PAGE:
Browsing by Author "Matsebula-Myeni, Zinhle"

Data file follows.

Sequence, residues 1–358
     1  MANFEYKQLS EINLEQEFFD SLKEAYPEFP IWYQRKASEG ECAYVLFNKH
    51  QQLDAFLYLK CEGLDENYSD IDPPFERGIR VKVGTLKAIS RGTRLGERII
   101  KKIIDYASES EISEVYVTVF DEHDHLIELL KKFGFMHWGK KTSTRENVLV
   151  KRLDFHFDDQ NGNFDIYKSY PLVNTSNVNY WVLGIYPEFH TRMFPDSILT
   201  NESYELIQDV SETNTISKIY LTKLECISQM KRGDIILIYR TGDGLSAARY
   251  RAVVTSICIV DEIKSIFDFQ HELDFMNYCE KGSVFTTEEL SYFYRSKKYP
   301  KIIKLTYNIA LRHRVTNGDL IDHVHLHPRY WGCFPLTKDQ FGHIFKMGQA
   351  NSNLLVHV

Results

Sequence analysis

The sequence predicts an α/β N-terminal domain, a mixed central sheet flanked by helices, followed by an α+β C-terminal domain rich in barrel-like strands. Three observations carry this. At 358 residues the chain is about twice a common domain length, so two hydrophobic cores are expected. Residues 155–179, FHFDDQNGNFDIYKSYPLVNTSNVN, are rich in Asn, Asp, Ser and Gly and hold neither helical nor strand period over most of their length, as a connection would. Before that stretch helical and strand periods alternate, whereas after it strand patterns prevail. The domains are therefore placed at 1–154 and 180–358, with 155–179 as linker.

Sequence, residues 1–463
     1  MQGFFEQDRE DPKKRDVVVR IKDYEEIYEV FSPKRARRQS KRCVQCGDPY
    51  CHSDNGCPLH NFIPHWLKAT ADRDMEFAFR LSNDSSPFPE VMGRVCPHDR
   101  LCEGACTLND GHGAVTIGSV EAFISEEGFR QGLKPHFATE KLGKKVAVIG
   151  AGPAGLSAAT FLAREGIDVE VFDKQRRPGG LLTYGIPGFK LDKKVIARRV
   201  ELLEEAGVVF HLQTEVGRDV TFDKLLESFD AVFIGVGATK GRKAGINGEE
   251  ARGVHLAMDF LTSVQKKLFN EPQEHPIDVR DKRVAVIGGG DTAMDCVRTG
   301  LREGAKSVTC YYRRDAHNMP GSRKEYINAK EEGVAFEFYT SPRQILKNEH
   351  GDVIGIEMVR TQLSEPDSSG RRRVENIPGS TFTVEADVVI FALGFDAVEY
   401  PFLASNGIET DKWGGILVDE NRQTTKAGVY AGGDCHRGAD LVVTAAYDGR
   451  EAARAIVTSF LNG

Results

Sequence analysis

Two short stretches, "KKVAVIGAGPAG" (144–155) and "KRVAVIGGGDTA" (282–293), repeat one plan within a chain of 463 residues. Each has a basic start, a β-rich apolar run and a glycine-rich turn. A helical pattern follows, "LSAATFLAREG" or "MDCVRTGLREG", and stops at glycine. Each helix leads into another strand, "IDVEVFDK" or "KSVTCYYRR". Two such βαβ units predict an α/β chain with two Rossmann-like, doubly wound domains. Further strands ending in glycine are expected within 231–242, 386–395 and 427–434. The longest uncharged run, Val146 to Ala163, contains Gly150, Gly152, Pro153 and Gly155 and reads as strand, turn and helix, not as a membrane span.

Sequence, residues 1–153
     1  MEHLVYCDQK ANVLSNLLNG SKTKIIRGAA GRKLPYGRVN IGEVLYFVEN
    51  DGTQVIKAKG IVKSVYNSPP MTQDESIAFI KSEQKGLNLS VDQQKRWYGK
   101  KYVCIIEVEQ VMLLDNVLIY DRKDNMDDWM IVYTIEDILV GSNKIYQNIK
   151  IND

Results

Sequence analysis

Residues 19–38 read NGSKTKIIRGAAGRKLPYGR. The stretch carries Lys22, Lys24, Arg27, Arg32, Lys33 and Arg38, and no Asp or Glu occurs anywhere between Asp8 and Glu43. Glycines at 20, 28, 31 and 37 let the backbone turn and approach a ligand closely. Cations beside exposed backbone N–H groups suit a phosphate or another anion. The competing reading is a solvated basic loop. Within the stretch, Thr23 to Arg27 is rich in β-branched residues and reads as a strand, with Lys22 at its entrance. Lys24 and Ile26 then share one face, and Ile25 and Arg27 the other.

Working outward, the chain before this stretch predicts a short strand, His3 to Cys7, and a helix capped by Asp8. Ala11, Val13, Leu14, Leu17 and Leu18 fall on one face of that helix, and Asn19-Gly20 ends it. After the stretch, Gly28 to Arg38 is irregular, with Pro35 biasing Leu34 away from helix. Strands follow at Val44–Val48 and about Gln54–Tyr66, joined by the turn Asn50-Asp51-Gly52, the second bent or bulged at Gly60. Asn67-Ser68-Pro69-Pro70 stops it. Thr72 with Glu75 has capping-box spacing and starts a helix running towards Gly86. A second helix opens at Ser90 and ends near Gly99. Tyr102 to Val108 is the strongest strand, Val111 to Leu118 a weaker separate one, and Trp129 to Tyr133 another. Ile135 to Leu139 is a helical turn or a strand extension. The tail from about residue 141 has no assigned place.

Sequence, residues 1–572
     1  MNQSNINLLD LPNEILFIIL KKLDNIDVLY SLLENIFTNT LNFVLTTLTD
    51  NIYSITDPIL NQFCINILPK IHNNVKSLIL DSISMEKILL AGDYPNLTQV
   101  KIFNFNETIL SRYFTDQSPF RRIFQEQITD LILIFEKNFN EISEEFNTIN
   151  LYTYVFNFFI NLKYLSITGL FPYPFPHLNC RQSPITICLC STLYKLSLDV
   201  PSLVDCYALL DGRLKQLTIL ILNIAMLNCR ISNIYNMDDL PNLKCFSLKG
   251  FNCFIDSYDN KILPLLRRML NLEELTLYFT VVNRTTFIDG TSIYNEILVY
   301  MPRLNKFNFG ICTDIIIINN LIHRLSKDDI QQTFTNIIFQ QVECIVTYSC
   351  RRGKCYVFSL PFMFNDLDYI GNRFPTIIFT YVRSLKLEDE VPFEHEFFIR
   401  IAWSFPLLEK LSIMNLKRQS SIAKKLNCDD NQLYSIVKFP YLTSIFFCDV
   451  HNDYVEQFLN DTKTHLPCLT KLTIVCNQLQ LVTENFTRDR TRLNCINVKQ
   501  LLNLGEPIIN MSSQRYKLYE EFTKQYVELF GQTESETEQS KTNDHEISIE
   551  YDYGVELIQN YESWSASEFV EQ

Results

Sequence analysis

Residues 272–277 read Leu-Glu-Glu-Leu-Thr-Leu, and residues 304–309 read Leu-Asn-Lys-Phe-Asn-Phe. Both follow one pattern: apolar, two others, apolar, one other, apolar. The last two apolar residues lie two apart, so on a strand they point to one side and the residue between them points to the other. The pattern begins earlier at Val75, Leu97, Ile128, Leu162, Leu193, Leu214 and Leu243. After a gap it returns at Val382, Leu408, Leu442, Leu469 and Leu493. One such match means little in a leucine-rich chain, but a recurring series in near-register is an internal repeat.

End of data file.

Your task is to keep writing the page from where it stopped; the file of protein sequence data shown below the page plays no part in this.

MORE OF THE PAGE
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- ItemInvestigating the effect of interventional programmes in combatting inappropriate use of antibiotics in managing and treating acute gastroenteritis in children younger than five years at the Raleigh Fitkin Memorial Hospital in ESwatini(Stellenbosch : Stellenbosch University, 2019-04) Matsebula-Myeni, Zinhle; Rosenkranz, Bernd; Reuter, Helmuth; Stellenbosch University. Faculty of Medicine and Health Sciences. Dept. of Medicine: Clinical Pharmacology.ENGLISH ABSTRACT: Patients at the Raleigh Fitkin Memorial Hospital, ESwatini, especially children diagnosed with acute gastroenteritis, are mostly prescribed with antibiotics. Previous data suggest that inappropriate use of antibiotics results in higher antibiotic resistance, extended hospitalisation and increased medication costs. Antibiotic stewardship programmes and clinical practice guidelines can reduce the inappropriate use of antibiotics and improve patient outcomes. Despite increased theoretical awareness of the benefits of antibiotic stewardship programmes, none have been established in ESwatini, and limited comprehensive studies have evaluated their effect in paediatric settings globally. The knowledge, attitude and practices on antibiotic use and resistance have not been determined at the Raleigh Fitkin Memorial Hospital. An 18-month, single-centre process improvement study, comprising a six-month pre-intervention phase, a preparatory period of six months and a six-month intervention phase, was conducted at the Raleigh Fitkin Memorial Hospital to assess the effectiveness of a multifaceted intervention in combatting the inappropriate use of antibiotics and improving the management of acute gastroenteritis and its comorbidities in children aged less than five years. The intervention included the establishment of an antibiotic stewardship programme and the implementation of clinical practice guidelines related to the diagnosis, treatment and management of acute gastroenteritis and its associated comorbidities. Two hundred and thirteen patients participated in the study, with 87 patients in the pre-intervention phase and 126 in the intervention phase. Knowledge, attitude and practices of healthcare professionals were investigated by conducting a survey before and after the intervention phase. An improvement in the appropriateness of antibiotics use was observed in the intervention phase. A decrease in duration of hospitalisation, cost of antibiotics and mortality was observed. During the intervention phase, deaths were observed where severe acute malnutrition was present as comorbidity to acute gastroenteritis, whereas various causes of death were observed during the pre-intervention phase. Most recommendations by the antibiotic stewardship programme team were adopted during the intervention phase. An improvement in knowledge, attitude and practices on antibiotic use and resistance was observed after the intervention phase. The study demonstrates that an antibiotic stewardship programme can improve the appropriate use of antibiotics in children, with limited adverse effects. Clinical practice guidelines play a vital role in providing guidance to prescribers and harmonising therapies. Antibiotic stewardship programmes can improve healthcare professionals’ knowledge, attitude and practices on the appropriate use of antibiotics, and a decrease in antibiotic resistance.